Let’s not stand on any kind of pedestal of pretentiousness: the medium of film’s primary function has always been to entertain rather than inform or provoke. For some filmmakers though, film, as a popular and highly accessible art form, has a responsibility or an obligation to educate and reveal the hidden or little known despairs and joys of the world.
The documentary genre by its very nature aims to incite social revelation. Films like The Act of Killing and Senna are both critical and commercial success stories that have not only achieved during award season, but have managed to spark a fire amongst the common man. WhatCulture provides a more comprehensive list (many of which are documentaries) of world impacting cinema for you to indulge in on your own time. In a similar vein, today’s article will focus on a film that has ignited uproar and encapsulates the transformative social power of the moving image.
The 2013 documentary Blackfish focuses on the tragic story of Tilikum, a captive Killer Whale at SeaWorld. Over the course of his life, Tilikum has shockingly killed 3 people. Through interviews with experts and trainers, Blackfish attempts to decipher the cause of what SeaWorld has inexplicably dubbed “a lapse in safety”. The conclusions drawn by Blackfish reveal the shocking and heartbreaking reality of, essentially, imprisoning such large, intelligent and sentient animals.
The social consequences of Blackfish have become strikingly evident from the increased and detrimental effect on SeaWorld. In 2014, many reputable artists such as Heart, Barenaked Ladies and Willie Nelson withdrew from the not at all redneck sounding “Bands, Brew and BBQ” due to the overwhelming reaction from the documentary. Recently, the park saw its net income drop 84% due to attendance issues stemming from what the SeaWorld CEO declared “brand challenges”.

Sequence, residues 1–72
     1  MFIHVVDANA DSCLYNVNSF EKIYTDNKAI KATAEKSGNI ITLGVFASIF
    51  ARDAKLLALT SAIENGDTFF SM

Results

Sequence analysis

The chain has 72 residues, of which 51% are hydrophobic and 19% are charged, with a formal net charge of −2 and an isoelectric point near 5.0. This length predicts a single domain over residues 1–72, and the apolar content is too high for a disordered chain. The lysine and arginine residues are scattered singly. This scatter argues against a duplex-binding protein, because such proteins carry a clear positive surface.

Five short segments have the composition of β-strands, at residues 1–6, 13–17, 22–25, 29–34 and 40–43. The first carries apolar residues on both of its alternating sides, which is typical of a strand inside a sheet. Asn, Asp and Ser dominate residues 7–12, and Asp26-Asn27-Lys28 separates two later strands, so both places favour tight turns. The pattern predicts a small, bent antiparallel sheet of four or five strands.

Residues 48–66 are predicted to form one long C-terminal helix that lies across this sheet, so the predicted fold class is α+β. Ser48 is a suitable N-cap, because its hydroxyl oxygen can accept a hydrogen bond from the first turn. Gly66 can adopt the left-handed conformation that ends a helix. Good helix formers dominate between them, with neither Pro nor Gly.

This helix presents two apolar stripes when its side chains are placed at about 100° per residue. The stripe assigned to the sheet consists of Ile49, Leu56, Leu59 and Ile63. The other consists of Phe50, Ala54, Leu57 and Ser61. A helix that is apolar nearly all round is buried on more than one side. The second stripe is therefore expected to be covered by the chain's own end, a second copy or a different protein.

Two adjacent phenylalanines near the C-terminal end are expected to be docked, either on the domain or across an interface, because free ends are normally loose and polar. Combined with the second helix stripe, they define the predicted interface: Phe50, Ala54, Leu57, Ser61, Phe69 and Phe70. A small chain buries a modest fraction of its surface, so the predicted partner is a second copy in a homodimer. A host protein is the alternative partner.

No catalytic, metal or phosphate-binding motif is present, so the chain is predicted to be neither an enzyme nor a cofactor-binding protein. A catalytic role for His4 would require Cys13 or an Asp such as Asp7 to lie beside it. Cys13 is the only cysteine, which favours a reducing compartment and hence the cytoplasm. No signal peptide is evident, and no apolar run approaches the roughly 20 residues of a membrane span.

If you have not seen Blackfish yet, I thoroughly recommend it. It intelligently reveals a dark chapter of human history, one we will hopefully look back at and realise the barbarity of what we as a species were doing. Director Gabriela Cowperthwaite has managed to create an important piece of cinema history that proves that film has incredible power on society, particularly in a time of such enormous global connectivity. This, of course, has a downside.
We live in the time of ‘Facebook Warriors’ and bandwagons, and if something of a political nature goes viral it does not take long for strong yet ill informed opinions to spread. Don’t get me wrong, I agree with the critique of SeaWorld that Blackfish presents, however the very public attack and near destruction of the company could be deemed unnecessary. Consider this: SeaWorld has undoubtedly increased the reputation and awareness for the Killer Whale and Killer Whale conservation, yet, in doing this, a few individual Orcas have despicably had to suffer. Without this, however, the threatened species may have been driven even closer to extinction, potentially even reaching it. Of course this does not absolve SeaWorld from its sins, and thankfully the proper court cases from the Nonhuman Rights Project (NhRP) are in place in order to try and resolve this, as well as ensure the freedom of these Whales.
Concerning Blackfish: where the film succeeds in revealing the shameful secrets of SeaWorld it perhaps succeeds even further as an example of cinema’s potential and honestly terrifying power on society.